BY RUTH CAMPBELL
The University of Texas of the Permian Basin has struck an agreement with the Universidad Tecnologica de Chihuahua to provide an undergraduate certificate in petroleum technology starting thisfall. Rey Lascano, special assistant to the president, said the memorandum of understanding has been in the works for many semesters. A delegation from Odessa met with representatives from Chihuahua on July 15 and signed theagreement. The number of students taking the online classes has not yet been determined, but they do have to meet certain criteria. Lascano said support services will be available for the students,as well. “We’re going to start having a very strong presence there in Ojinaga to assist their faculty and staff in helping these students be ready to be able to take some of these courses,” Lascano said. “We have a commitment, a responsibility on our part to help these students. They have the academic background we expect for them for to be able to be fluent in English and for them to be able to participate and perform in the world of English, too. Those are some expectations we are going to havefor the students.” The industrial technology courses UTPB is offering are “very much in demand,” Lascano said. With the breakup of the national petroleum company PEMEX in Mexico, people have an opportunity to venture into the oil and gas industry in Mexico, but know-how is needed, hesaid. “This is the first of many opportunities that we are going to have with Mexico,” Lascano said. He added that other universities will call on UTPB to provide an intensive Englishexperience for students before they plunge into petroleum engineering classes.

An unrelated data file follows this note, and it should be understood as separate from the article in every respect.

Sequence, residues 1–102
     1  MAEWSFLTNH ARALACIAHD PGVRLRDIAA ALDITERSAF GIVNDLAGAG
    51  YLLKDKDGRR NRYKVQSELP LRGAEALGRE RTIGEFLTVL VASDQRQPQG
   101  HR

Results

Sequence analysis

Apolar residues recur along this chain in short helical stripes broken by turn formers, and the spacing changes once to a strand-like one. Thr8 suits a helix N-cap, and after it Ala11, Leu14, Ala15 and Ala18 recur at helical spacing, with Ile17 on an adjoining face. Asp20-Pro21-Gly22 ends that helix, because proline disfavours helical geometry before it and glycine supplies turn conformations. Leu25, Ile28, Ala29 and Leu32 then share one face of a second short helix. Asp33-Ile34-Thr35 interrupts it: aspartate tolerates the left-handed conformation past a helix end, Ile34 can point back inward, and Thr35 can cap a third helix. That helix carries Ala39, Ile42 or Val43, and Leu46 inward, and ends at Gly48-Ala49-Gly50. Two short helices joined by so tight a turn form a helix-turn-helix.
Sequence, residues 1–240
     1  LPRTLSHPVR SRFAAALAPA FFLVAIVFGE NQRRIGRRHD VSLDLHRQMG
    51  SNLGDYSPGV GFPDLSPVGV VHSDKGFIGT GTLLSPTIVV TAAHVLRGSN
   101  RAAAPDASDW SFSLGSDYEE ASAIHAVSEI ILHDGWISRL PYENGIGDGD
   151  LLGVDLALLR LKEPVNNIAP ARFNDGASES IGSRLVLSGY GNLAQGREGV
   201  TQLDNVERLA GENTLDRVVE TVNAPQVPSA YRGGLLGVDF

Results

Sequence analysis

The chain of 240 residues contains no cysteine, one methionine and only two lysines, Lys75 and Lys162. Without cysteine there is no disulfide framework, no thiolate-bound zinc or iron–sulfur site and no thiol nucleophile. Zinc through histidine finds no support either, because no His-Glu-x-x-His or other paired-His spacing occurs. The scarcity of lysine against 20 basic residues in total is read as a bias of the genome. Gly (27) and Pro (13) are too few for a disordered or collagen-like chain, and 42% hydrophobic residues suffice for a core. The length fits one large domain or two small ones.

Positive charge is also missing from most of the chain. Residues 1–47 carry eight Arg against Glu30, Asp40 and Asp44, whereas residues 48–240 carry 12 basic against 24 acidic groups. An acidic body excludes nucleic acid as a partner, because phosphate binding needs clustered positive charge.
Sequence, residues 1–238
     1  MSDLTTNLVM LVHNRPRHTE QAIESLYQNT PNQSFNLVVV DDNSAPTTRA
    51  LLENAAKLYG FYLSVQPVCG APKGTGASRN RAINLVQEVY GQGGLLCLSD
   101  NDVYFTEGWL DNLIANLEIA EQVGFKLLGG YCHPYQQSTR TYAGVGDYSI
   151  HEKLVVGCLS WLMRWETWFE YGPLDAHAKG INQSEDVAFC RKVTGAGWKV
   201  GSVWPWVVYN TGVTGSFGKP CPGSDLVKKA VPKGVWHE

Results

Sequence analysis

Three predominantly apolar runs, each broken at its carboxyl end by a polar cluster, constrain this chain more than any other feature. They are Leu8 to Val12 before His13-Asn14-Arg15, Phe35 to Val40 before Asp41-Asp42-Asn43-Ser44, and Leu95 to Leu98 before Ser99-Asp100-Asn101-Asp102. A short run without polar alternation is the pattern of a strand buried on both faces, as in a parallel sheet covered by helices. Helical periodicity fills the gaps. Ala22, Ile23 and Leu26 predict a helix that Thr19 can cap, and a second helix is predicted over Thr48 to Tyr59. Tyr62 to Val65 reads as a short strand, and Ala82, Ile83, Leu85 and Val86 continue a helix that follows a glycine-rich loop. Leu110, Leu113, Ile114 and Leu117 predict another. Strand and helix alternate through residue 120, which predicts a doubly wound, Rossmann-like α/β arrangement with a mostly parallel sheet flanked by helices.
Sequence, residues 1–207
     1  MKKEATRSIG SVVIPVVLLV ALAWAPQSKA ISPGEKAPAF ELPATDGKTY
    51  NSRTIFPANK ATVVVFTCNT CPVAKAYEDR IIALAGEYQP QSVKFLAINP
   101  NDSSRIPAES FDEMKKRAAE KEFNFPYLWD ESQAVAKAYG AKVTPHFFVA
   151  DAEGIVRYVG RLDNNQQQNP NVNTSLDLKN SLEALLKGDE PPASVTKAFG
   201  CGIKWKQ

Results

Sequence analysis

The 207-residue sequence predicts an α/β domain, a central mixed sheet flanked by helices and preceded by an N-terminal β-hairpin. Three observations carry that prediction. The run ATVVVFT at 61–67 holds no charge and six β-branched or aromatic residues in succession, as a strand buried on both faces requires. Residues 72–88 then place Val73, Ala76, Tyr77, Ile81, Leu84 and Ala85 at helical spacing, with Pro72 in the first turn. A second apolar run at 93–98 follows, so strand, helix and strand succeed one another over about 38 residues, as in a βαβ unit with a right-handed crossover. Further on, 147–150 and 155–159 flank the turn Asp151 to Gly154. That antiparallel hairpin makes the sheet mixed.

“We’re hoping that they’ll also have an interest in mechanical engineering,” he said.
Robert Morrison, senior lecturer and coordinator of the Industrial and Petroleum Technology Program at UTPB, said the certificate program will be fully online.
Morrison noted that a certificate is not a degree program. It is available to people enrolled at UTPB, another institution or those who already have a bachelor’s degree. Along with the university in Chihuahua, it has been incorporated into the curriculum of Jawaharlal Nehru Technological University in Kakinada, India. That program started in January.
Morrison said offering the courses online leverages something unique to Odessa.
“We’re sitting in the middle of one of the world’s largest oilfields,” he said. “We have a strategic location, … expertise and knowledge that we can share with developing nations that don’t have the resources and people to develop that, so it’s a way for us to expand our outreach and … to some extent to increase our enrollment.”
The Certificate in Petroleum Technology program includes six courses. If students complete four, they earn a certificate that can help them in their careers, Morrison said.
Morrison said the petroleum Technology classes are taught by the petroleum engineering and petroleum geology faculty. He wrote that he teaches business and technology courses and runs the technology program, which includes petroleum technology.
Lascano said offering the courses to students at Universidad Tecnologica de Chihuahua helps UTPB fulfill its mission statement.
People from Mexico have previously gone to school in Oklahoma or Canada, but UTPB is right in their back yard, Lascano said.